Market Digest – Week Ending 12/21
Early optimism for a fiscal cliff solution faded when House Speaker Boehner’s “Plan B” failed to win support in his own party. Stocks dropped on the news but remained positive for the week. Boehner said he would continue to work with the President to avert the cliff before the January 1 deadline. Plan B would have maintained current income tax rates for individuals earning less than one million dollars. Somewhat lost in the noise, revised Q3 GDP was announced at 3.1%, ahead of most expectations. Treasuries and gold fell.
S&P 500: 1,430 (+1.1%)
MSCI EAFE: (+0.8%)
US 10 Year Treasury Yield: 1.76% (+0.06%)
Gold: $1,656 (-2.3%)
USD/EUR: $1.318 (+0.2%)
- Monday – Reports circulated that Obama was considering an adjustment to the Social Security cost of living adjustment formula as part of fiscal cliff negotiations.
- Wednesday – The White House said it would likely veto the current “Plan B” which would extend tax cuts on income less than one million dollars.
- Wednesday – US building permits for November rose to a four year high, suggesting the housing recovery will extend into 2013.
- Wednesday – UBS admitted rigging LIBOR rates and agreed to a $1.5 billion settlement.
- Wednesday – US Q3 GDP was revised up to 3.1%, ahead of most expectations.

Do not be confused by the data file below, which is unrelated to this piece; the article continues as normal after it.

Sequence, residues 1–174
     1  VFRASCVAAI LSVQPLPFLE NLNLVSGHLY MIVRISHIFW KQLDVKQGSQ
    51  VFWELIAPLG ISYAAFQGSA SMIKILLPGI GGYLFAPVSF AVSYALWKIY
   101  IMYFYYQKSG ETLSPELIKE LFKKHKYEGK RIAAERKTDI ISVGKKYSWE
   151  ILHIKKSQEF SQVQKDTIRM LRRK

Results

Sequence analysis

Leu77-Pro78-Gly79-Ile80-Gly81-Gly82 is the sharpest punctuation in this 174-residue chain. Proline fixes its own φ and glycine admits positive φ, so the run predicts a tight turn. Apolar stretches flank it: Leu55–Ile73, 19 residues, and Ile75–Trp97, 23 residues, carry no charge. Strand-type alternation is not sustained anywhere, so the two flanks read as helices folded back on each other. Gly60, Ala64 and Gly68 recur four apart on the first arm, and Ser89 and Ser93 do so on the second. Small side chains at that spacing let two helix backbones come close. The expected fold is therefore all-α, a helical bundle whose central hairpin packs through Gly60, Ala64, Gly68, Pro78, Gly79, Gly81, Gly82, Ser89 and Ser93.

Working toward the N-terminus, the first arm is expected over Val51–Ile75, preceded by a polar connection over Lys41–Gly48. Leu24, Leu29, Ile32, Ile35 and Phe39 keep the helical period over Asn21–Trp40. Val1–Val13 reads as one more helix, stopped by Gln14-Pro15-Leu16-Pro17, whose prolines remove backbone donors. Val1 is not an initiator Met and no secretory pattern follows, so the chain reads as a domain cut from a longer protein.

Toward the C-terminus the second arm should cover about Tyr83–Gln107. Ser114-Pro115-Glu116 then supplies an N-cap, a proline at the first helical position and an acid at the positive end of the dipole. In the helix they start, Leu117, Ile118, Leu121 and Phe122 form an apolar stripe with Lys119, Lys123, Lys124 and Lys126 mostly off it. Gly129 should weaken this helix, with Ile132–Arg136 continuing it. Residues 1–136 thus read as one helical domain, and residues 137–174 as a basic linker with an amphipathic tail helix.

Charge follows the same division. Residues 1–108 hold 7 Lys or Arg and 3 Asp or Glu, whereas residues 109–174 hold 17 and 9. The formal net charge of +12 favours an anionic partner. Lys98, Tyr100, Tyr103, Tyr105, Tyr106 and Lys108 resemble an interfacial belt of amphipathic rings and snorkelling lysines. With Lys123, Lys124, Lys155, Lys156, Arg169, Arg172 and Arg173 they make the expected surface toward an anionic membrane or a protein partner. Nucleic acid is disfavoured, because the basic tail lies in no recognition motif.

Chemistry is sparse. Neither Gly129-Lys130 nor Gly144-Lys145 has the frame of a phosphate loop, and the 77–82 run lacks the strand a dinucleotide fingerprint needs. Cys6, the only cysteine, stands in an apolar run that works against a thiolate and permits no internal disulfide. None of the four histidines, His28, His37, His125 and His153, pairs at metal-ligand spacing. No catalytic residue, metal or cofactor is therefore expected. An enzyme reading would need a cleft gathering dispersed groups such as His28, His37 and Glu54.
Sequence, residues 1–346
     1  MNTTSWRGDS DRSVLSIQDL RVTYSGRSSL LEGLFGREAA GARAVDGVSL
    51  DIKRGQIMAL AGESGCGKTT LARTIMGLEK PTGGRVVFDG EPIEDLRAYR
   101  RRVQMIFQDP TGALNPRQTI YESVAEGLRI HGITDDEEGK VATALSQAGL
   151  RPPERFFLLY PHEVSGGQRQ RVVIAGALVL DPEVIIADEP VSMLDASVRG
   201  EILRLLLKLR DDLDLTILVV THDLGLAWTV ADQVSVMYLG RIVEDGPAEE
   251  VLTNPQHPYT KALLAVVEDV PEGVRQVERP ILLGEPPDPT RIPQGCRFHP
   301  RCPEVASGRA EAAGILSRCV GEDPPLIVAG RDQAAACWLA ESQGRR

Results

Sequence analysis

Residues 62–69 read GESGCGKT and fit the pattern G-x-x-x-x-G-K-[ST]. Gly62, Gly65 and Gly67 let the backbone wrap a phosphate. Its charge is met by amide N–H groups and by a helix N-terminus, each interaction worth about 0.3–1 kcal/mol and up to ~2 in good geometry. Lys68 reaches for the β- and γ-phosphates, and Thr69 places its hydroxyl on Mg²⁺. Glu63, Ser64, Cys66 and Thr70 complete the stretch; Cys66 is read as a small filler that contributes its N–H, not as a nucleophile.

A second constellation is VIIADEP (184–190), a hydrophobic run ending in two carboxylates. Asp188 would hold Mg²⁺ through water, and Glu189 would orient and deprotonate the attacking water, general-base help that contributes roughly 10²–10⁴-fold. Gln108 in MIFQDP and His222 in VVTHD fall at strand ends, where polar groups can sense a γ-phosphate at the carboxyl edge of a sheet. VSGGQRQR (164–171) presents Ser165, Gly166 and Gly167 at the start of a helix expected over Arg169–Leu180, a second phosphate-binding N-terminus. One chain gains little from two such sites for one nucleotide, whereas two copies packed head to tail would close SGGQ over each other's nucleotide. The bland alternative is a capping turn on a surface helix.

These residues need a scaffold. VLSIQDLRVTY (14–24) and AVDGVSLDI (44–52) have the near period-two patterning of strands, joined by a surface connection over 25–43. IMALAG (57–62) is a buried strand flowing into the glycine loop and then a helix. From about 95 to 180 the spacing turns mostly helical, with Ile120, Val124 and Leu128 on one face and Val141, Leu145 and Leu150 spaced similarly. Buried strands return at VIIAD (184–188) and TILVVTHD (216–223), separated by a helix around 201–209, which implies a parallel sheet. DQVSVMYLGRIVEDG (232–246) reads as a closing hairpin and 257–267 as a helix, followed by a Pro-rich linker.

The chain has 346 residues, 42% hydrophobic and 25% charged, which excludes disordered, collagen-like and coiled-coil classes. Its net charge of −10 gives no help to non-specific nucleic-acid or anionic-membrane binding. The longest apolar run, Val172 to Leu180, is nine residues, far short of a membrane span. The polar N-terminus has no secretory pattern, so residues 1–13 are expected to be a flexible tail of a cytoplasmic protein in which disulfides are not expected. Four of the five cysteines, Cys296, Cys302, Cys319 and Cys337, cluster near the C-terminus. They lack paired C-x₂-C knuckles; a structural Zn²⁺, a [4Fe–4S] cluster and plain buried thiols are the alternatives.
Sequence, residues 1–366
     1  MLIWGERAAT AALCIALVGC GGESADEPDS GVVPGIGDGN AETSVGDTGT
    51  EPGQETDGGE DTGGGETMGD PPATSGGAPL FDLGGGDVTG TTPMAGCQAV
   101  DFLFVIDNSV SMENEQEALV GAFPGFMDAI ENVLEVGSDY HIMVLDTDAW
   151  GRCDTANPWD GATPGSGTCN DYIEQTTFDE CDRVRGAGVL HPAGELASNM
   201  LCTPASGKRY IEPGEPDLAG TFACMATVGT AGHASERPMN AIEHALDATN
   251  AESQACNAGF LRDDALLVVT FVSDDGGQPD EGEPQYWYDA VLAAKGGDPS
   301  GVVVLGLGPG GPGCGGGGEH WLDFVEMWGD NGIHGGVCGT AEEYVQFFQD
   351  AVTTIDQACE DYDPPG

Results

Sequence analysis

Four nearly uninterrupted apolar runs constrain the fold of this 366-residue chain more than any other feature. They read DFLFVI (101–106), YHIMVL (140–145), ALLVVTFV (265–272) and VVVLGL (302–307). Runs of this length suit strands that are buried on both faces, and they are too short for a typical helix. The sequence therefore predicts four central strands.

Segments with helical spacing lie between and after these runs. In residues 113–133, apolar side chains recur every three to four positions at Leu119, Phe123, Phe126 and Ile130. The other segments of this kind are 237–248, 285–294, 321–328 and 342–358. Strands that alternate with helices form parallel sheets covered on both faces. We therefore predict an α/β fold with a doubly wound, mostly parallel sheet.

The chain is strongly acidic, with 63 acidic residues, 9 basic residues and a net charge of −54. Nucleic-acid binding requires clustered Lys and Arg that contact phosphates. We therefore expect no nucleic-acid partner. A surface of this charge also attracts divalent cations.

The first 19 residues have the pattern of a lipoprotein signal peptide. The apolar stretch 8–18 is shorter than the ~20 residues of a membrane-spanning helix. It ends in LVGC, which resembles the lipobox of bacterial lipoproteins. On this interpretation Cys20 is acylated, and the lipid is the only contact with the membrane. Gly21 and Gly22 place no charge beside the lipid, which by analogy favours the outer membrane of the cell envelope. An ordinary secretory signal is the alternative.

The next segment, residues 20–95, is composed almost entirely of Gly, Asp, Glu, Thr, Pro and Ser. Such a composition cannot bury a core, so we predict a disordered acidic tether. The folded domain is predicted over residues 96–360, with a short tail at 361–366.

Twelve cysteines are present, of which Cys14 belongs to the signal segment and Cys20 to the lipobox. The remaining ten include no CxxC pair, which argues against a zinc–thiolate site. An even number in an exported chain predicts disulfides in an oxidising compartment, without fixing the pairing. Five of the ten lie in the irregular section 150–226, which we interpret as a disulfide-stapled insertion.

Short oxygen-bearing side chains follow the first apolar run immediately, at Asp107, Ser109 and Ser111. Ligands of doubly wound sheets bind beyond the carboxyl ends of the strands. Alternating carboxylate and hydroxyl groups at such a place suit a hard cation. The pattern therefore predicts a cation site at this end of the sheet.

- Thursday – Sales of existing US homes in November rose to a three year high.
- Friday – Speaker of the House Boehner said he was “prepared to come back if needed”, after he was rebuked by his own party on an alternative fiscal cliff solution.
Unfortunately, it appears our earlier prediction is coming true—a fiscal cliff compromise in 2012 looks increasingly unlikely. Boehner’s inability to get his party’s support to raise taxes only on income above a million dollars suggests compromise will be difficult. Still, we expect resolution in the early part of next year. Pressure continues to build as voters become increasingly upset. Once we enter 2013, any legislation will technically be a tax cut and will be easier to pass. Expect more political volatility in the coming weeks, but a solution should eventually be reached.
As the markets approach the 2012 finish line, it is worth noting that international stocks caught up to US stocks after lagging during the height of the European debt crisis. Both are up about 15% for the year. Within the US, small cap stocks are on pace to finish with a very similar gain. Foreign bonds did well, and foreign REITs were up more than 30%. 2012 was a year when almost every asset class provided satisfying absolute gains. But correlations between asset classes were high and diversification benefits were muted. Like markets, correlations rise and fall. After a year like this, it is important not to forget the incredible benefits proper diversification provides over full market cycles.